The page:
Like running through my pre-theater ritual — the one where I check all the compartments of my purse three times to make sure I have my tickets — right before I take my dog, India, out for her nightly walk, I perform a routine.
I put on her pink harness and watch her walk in a few tight circles in my living room before heading towards the door.
I check my front left pocket to make sure I have my house keys. Then I stuff my back right pocket with a plastic bag or two (usually saved from a grocery trip, or I take one of the New York Times sleeves a friend saves for me).
I make sure my cell phone is in my back left pocket. It’s equipped with the perfect flashlight, one with a narrow beam and adequate candlepower for supporting me in picking up the by-product of all the kibbles my pooch consumes.
Just the other night, I must have failed to complete my ritual. After going down the front stairs and hearing my building’s front door click locked behind me, I took a few steps along the parkway and realized my right back pocket was empty.
Oh no. I forgot poop bags!
India had already lowered herself near a familiar tree to pee and was eager to enjoy the rest of our walk and, honestly, I didn’t want to go back up to my place; to trudge back upstairs and get a bag.
But I don’t want to be an inconsiderate neighbor, either. I contemplated whether I could feel okay with myself if I was a little lax on my cleanup responsibilities in the moment and came back to the spot India decided to use as her toilet during tomorrow morning’s walk and clean up then.
Then I thought…
What if an unsuspecting person, walking through the grass en route to their front door, soiled their shoes?
I contemplated going to the back of my building where I park my car. Maybe I’d find an extra plastic bag in my trunk. I didn’t want to have to go back up the stairs. I just wanted a plastic bag.
As I turned the corner, thinking I might walk through my alley, to my parking spot and rummage through my car, my eyes focused on a dark brown object on a walkway leading up to an apartment building. I decided on a closer inspection.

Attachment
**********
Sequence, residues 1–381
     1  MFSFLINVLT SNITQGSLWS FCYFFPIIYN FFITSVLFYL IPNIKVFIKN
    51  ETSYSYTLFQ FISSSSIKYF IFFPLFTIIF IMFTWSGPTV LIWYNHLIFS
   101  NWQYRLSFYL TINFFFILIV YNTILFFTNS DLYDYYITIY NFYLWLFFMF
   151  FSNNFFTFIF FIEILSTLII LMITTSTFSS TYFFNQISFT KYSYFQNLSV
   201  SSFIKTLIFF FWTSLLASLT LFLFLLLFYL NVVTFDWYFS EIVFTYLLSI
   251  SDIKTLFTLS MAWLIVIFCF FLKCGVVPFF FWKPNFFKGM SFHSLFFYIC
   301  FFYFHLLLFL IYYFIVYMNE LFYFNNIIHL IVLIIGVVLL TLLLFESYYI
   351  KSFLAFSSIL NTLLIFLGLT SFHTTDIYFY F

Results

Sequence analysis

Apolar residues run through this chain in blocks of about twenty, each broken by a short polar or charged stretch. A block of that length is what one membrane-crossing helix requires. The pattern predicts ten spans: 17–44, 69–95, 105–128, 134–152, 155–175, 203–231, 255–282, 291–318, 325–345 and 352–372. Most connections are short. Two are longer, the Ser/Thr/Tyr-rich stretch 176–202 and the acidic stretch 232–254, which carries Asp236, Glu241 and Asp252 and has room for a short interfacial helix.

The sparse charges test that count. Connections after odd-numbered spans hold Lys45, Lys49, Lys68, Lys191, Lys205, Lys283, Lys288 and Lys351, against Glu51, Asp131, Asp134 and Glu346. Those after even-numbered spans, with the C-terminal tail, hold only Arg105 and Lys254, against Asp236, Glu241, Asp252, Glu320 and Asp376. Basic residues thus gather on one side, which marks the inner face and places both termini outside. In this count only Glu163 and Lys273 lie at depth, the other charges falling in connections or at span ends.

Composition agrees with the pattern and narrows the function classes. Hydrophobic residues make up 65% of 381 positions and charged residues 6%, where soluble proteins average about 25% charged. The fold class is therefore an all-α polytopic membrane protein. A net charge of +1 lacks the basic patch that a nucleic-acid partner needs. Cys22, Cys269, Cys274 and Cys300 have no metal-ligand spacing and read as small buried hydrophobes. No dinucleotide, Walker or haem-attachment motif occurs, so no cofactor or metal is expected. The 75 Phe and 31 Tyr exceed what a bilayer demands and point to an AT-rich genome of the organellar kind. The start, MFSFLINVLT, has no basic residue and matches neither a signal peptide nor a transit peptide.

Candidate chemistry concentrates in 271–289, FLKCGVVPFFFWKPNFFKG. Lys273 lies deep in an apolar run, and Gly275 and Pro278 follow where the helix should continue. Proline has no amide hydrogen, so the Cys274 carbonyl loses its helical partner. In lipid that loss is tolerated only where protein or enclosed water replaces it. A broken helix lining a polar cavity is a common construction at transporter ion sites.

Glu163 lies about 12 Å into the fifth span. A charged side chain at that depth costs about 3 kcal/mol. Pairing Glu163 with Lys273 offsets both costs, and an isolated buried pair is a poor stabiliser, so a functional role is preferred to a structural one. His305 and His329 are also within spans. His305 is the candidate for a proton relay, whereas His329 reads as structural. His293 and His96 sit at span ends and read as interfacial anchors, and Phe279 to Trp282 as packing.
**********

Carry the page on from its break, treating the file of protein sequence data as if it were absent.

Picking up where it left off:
It turned out to be a thin poly film shopping bag, the kind you’d see at a bookstore or card shop. It was beginning to split to the side of one handle, but, I decided, it could certainly scoop up a small load (one of the advantages of having a smallish dog) and be tied off securely before tossing it in a nearby garbage can.
I know that an argument could be made for not using bags made out of plastic, but just then, upon finding one in my path, I thought PERFECT.
As a I picked up the chocolate colored bag, I noticed a few words were printed on the front –- in pseudo-fancy script, in a cheap looking gold. It said, Thank You for Shopping With Us. The first words I saw were THANK YOU.
What were the odds — that I’d find the exact thing I was looking for only a few feet from holding this thought — and that object expressed the gratitude I felt?
My mind recalled examples of times when I experienced this phenomena; times when I found the exact change at the register while the checkout line waited behind me, or times when I made a recipe and had just enough flour or butter to make the recipe.
I marvel anytime I seem to have EXACTLY what is needed in a situation. (More often than not.)
I often want to SEE SIGNS, to imagine that my experiences reflect some greater force at work. Then sometimes, I’ll remember that the universe is always sending little gifts, little reminders of things to pay attention to.
Knowing that all events have meaning without attaching any undue significance to any single one is no small thing.